You might have thought that issue was settled by the feminist movement of the 1960s and 1970s, or by the sheer overwhelming scale of women's participation in the workforce. But Sharon Hays and Diane Eyer, authors of two recent books on motherhood and work, each make a chilling case that in the dominant scientific culture, biology is still destiny. According to the three gurus of child rearing, Benjamin Spock, T. Berry Brazelton, and Penelope Leach, women are supposed to be selfless, nurturing, and caring, not selfish, competitive, and climbing. "In an ideal world, " Leach wrote in 1989, "no woman would ever have a baby unless she really knew that she wanted to spend two or three years being somebody else's other half." Moreover, mothering is instinctive and what women really want to do, so all the social pressure on mothers to work is unfortunate. From Brazelton in 1983: "We may be ignoring . . . a deep-seated drive in women—a strong feeling that their primary responsibility is to nurture their children and their spouse. It may be unfair to expect a woman to be the fulcrum of her family; but it has always been so, and women feel it instinctively."

Spock, Brazelton, and Leach have not been oblivious to the revolution in women's roles, and they each make stabs at accommodating women who need to work, but less so women who just want to work. The latest edition of Dr. Spock's Baby and Child Care (now co-authored with Michael Rothenberg) uses the gender-neutral language of parents instead of mothers, but gives away the game in suggesting that a parent in the doldrums "buy a new dress" or "go to the beauty parlor" to get some relief. In the revised edition of Infants and Mothers, Brazelton acknowledges that he may have inadvertently "added to mothers' feelings of guilt when they were not able to stay at home throughout the first year" (note that he doesn't say "unwilling to stay"), but then he whipsaws them back into guilt: "an understanding of the importance of their role as mothers . . . should help them see mothering as a goal that is as important as anything they can achieve in their professional lives." Leach, too, pronounces raising a child as "more worthwhile than any other job." It may seem like the child experts are asking very little of women, just a couple of years at home with each child. But the routine interruption of a woman's career required by the experts' advice is so taken for granted that it barely rates a mention. In their assertions of the priority of motherhood over job, they simply assign women different life possibilities than men. Moreover, though the advice may seem slightly archaic in 1997, the books by Spock, Brazelton, and Leach are the three top-selling child-rearing manuals, and they create a reservoir of guilt even among today's women. Just glance through Parents, Working Mother, or Redbook to see how much effort they devote to helping women cope with that guilt.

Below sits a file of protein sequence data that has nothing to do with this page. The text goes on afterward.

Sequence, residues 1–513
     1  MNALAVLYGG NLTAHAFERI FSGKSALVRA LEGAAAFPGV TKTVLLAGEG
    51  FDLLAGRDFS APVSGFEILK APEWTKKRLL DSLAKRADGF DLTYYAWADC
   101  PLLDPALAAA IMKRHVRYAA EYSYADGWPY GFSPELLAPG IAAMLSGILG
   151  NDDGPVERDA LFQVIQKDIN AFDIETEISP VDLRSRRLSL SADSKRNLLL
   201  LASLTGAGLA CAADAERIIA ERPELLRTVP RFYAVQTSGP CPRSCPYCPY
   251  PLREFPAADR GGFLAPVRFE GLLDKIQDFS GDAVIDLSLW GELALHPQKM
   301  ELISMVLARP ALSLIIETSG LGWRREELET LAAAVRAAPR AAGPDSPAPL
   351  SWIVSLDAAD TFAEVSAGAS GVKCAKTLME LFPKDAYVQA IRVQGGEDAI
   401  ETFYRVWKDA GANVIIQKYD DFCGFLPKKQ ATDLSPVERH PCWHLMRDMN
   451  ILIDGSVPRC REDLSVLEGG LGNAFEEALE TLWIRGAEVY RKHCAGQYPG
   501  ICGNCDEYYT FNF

Sharon Hays calls these child-rearing manuals "hesitant moral treatises, " though it's hard to see from either her or Eyer's reading of them what's so hesitant about them. They are, as Hays argues, moral prescriptions for appropriate child rearing and womanly behavior. They condemn impersonal, competitive market relations—paid child care, for example—and glorify women's unselfish love, relinquishment of personal goals, and, of course, financial sacrifice. The soul of a woman is a giving soul. If she gives at the office, she'll have less to give at home. In the eyes of child-rearing experts, a woman who works while her children are young, who cannot turn off her career interests and aspirations, or presumably, her desire for the luxuries her earnings afford, is morally stunted.